His version of Bill Wither’s Ain’t No Sunshine was a favorite for me. He held the last note for nearly a minute! James also made his way through the crowd.
I have a few of his CDs, yet I couldn’t pass up the opportunity to add his latest, futuresoul (which he said was inspired by the soul music he grew up listening to), to my collection for three reasons: judging by the cuts he played, I knew it was a good album; he was selling the CD for only $10 and he was autographing it. Win/win in my book.
Now about Robert Glasper and his experiment. This is my third RGE experience. The first (2014) was cool (he opened for Ledisi, so her joining him on stage to sing their song Gonna Be Alright made that show really great). The second was February 2016. I left trying to figure out what the hell I just witnessed. The show started more than an hour and a half late and, not that I know anything about taking acid, but my sister and I both said the show felt like a bad acid trip.
I had low expectations for this performance – and that turned out to be a good thing. I missed the opening of his show, but the rest gave me flashbacks to February 2016. If you are unfamiliar with Glasper’s work, two of his CDs (Black Radio and Black Radio 2 Deluxe Version) have guest appearances by various artists (Erykah Badu, Lalah Hathaway, Musiq Soulchild, and the aforementioned Jill Scott and Ledisi have all appeared on his CDs).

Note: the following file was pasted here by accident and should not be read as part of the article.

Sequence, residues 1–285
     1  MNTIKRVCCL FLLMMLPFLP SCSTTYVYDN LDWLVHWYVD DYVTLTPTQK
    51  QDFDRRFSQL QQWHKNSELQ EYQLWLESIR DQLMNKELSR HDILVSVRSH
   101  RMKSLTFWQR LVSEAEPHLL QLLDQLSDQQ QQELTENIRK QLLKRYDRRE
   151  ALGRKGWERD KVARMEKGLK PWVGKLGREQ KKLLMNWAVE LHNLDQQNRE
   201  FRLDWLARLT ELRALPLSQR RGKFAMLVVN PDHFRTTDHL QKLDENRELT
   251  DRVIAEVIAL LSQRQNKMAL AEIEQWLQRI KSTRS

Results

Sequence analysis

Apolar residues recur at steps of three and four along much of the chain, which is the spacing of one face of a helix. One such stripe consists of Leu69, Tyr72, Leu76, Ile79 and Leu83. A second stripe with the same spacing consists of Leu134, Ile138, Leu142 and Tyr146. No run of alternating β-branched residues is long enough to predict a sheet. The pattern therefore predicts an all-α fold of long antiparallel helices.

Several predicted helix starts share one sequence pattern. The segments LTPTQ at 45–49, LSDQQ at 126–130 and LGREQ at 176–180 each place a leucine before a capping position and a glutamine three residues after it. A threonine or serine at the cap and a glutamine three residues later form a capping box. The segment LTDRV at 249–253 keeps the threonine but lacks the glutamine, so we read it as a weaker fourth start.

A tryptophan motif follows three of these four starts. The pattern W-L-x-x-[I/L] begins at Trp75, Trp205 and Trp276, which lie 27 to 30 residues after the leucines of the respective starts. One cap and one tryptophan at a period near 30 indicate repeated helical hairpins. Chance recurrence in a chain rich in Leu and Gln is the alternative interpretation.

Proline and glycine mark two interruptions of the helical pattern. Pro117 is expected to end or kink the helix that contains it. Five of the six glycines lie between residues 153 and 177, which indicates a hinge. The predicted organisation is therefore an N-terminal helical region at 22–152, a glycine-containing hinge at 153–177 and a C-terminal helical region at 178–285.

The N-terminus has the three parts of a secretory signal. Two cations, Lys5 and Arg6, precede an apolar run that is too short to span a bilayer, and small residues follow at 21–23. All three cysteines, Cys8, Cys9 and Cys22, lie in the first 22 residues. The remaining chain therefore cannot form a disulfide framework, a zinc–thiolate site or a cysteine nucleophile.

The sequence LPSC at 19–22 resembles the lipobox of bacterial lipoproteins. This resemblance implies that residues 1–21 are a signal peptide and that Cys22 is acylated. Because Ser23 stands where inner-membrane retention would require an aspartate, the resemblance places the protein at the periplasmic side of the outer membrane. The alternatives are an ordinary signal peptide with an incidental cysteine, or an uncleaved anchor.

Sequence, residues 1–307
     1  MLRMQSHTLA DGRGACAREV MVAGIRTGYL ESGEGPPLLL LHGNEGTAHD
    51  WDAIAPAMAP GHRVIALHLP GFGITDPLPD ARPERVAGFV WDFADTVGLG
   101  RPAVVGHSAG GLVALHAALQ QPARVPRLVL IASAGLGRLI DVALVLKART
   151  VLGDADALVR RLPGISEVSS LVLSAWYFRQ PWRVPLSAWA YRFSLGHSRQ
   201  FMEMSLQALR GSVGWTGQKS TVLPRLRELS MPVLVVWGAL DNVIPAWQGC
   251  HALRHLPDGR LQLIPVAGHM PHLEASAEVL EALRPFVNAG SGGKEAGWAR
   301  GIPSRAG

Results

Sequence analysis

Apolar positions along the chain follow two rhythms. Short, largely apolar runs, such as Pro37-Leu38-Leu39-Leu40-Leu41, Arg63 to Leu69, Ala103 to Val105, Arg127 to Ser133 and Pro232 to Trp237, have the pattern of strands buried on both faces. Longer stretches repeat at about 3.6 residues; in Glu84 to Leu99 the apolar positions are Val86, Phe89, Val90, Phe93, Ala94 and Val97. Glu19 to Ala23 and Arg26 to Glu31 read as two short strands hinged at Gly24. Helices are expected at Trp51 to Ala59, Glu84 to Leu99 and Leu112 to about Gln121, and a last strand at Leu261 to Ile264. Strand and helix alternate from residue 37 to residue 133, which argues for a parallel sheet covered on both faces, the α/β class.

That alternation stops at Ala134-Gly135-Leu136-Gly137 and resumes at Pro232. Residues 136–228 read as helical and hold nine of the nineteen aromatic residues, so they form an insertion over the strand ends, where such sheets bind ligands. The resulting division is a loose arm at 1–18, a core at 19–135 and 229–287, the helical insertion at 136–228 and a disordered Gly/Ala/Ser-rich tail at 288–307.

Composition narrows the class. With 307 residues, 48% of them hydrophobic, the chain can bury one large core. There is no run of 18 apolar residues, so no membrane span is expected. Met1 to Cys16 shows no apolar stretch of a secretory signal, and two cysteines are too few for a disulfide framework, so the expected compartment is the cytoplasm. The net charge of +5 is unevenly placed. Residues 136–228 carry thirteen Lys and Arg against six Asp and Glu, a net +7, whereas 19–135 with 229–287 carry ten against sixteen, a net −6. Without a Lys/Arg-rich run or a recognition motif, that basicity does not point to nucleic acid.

I get that he’s not able to have these artists appear when he’s on tour. What I don’t get, however, is why he can’t have someone in his band that can actually sing versus using a talk box (the instrument Roger Troutman used for many songs) the ENTIRE TIME! One or two songs I can tolerate, but beyond that, it just becomes downright annoying.
I guess RG wasn’t feeling the crowd love because, before launching into Bill Wither’s Lovely Day, he made an inappropriate reference to the tragedy in Nice, France, and yelled at us to, “Sing the song goddamn it.” Not a way to motivate the crowd, especially since Mike Phillips just finished an amazing performance.
Finally, Lalah Hathaway and Anthony Hamilton were their usual professional, soulful selves. Lalah released a live album last year, and it’s worth picking up, especially if you’ve never had the pleasure of seeing her live. This album is a great reflection of what she sounds like in a live setting.
I particularly enjoyed her song Mirror, which was uplifting and very motivational.
And poor Anthony Hamilton. During his set, the sound went out a few times (this happened during Mike Phillips as well. One would hope the issue would have been fixed before the final act, but that clearly didn’t happen).
I LOVE how Hamilton just rolled with the punches and even made up a song about the situation, “It’s the speakers baby!”
That’s how a professional does it.
Check out a few of the live performances I videoed on YouTube:
Boney James: Band introductions
Lalah Hathaway: Angel
Anthony Hamilton: The Point of it All